.. title: Beware the paraxial approximation in microscopy
.. slug: beware-the-paraxial-approximation-in-microscopy
.. date: 2015-09-09 19:40:00 UTC+02:00
.. tags: optics, microscopy
.. category:
.. link:
.. description: The paraxial approximation can cause conceptual problems when modeling microscopes.
.. type: text
I have had a difficult time resolving what originally seemed to be an inconsistency between a 2004
research article about estimating microscope pupil functions and the body of knowledge concerning
the theory of aberrations in optical systems.
In the article by Hanser, et al.[1], the authors utilize an imaging model for calculating the
amplitude point-spread function of an optical system that incorporates defocus as an exponential
term inside the Fourier transform integral:
.. math::
\text{PSF}_{\text{A}} \left( x, y, z \right) = \iint_{pupil} P \left( k_x, k_y \right) e^{i k_z z} e^{i \left( k_{x}x + k_{y}y \right)} dk_x dk_y
where :math:`k_z = \sqrt{\left( 2 \pi n / \lambda \right)^2 - \left( k_x^2 + k_y^2 \right)}`. (I
changed the notation of some variables used in the text because the authors confusingly use
:math:`k` to represent spatial frequency in units of /cycles per distance/ instead of the much more
common *radians per distance*.) In the image plane at :math:`z = 0`, there is no defocus and we get
the amplitude point spread function (PSF) as the Fourier transform of the pupil function :math:`P
\left( k_x, k_y \right)` just like we would expect (see Goodman[2], Chapter 6, pp. 129-131).
The problem arises when I try to verify this model when :math:`z` is not equal to zero by computing
the defocused PSF using the wavefront error for defocus. From the scalar diffraction theory of
aberrations, the defocused PSF is the Fourier transform of the pupil function multiplied by a phase
factor whose phase angle is proportional to the wavefront error :math:`W \left( k_x, k_y \right)`
.. math::
\text{PSF}_{\text{A}} \left( x, y, z \right) = \iint_{pupil} P \left( k_x, k_y \right) e^{i k W \left( k_x, k_y \right)} e^{i \left( k_{x}x + k_{y}y \right)} dk_x dk_y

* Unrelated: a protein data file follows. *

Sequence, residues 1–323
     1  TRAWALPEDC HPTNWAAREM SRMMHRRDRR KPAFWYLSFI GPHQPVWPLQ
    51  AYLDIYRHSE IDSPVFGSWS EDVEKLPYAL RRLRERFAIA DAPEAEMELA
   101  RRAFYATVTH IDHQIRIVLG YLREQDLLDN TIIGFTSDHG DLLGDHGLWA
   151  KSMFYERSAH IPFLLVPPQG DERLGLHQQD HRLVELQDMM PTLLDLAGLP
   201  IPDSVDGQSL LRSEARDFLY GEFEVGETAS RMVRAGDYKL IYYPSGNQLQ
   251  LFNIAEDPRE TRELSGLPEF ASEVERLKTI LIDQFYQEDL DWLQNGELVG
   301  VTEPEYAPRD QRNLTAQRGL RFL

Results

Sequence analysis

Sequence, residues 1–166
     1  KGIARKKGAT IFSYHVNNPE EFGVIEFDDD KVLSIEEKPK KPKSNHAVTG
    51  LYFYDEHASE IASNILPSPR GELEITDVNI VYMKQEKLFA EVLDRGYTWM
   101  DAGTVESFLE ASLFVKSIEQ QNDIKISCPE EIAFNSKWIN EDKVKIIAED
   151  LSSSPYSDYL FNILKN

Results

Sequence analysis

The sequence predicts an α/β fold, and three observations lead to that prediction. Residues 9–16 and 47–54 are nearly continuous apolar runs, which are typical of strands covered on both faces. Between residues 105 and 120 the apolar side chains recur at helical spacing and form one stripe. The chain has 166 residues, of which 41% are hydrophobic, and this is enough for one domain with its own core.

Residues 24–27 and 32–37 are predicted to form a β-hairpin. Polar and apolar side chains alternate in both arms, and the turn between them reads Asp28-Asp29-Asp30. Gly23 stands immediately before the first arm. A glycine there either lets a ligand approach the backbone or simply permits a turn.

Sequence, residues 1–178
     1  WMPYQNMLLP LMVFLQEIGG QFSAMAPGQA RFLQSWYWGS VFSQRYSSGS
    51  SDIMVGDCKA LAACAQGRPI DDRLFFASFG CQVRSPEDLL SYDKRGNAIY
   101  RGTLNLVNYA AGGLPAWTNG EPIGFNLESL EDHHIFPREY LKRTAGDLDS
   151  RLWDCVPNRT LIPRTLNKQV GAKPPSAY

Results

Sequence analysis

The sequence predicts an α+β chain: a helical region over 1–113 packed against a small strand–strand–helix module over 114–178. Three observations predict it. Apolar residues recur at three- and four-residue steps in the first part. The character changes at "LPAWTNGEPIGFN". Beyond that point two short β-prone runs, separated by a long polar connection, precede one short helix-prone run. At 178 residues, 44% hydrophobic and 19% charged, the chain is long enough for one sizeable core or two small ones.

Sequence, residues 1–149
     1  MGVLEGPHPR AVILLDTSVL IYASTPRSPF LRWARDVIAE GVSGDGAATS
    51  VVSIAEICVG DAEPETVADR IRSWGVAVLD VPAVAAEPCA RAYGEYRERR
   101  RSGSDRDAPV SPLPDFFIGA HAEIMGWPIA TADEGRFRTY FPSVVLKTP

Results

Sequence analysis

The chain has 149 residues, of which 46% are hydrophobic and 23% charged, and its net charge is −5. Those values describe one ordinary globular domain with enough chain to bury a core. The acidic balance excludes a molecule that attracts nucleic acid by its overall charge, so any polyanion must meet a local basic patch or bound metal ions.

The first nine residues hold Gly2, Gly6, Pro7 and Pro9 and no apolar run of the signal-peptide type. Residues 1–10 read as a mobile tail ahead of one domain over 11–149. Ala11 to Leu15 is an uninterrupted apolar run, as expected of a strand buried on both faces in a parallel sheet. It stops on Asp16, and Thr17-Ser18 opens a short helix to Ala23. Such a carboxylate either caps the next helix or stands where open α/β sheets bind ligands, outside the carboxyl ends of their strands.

Any textbook discussing Seidel aberrations will tell you that the defocused wavefront error
:math:`W` is quadratic in the pupil plane coordinates, i.e. :math:`W \sim k_x^2 + k_y^2`. Goodman
even states this with little justification later in Chapter 6 on p. 149 when discussing defocus
[2]. So how can I reconcile the first equation in which the defocus goes as the square root of a
constant minus the squared pupil coordinates with the second equation that is quadratic in pupil
coordinates?
The answer, as you might have guessed from the title of this post, is that /the Seidel polynomial
term for defocus is a result of applying the paraxial approximation when computing the wavefront
error/. You can see this by calculating the phase of a spherical wave in the pupil plane that is
centered on the axis in the image plane; Goodman states it is quadratic without justification, but
this is only true near the axis. Mahajan offers a geometrical interpretation of :math:`W`
on p. 148, where he notes that the path length difference for defocus "is approximately equal to
the difference of `sags `_ of the reference sphere and
the wavefront.[3]" He then goes on to derive the same expression for :math:`W` that Goodman gets;
he states the approximation that he uses, whereas Goodman implicitly assumes a quadratic phase
front in the pupil. Hanser et al., on the other hand, are essentially propagating the plane wave
angular spectrum from the image plane to nearby planes to model defocus. I think that this should
be rigorously correct since no approximation is applied. For me, it is unfortunate that this was
not made clear in their paper because I spent quite a bit of time trying to reconcile the two
results.
The lesson of this story is to be sure you know about the approximations that go into a "standard"
result found in textbooks. I falsely assumed that the Seidel aberrations were exact and that
Hanser, et al. were suspect when in fact it was the other way around. Because the paraxial
approximation is so widespread in optics theory, it can often lie hidden behind an equation and its
effects can easily be taken for granted. This is a problem for the large NA systems used in
microscopy where the results of the paraxial approximation are not often valid.
Footnotes
=========
1. http://onlinelibrary.wiley.com/doi/10.1111/j.0022-2720.2004.01393.x/abstract;jsessionid=946CF30FA7FA65F1DB4C638D0C4DF00F.f02t04
2. https://books.google.ch/books/about/Introduction_to_Fourier_optics.html?id=ow5xs_Rtt9AC&redir_esc=y
3. https://books.google.ch/books/about/Optical_Imaging_and_Aberrations_Ray_geom.html?id=I_1AAQAAIAAJ&redir_esc=y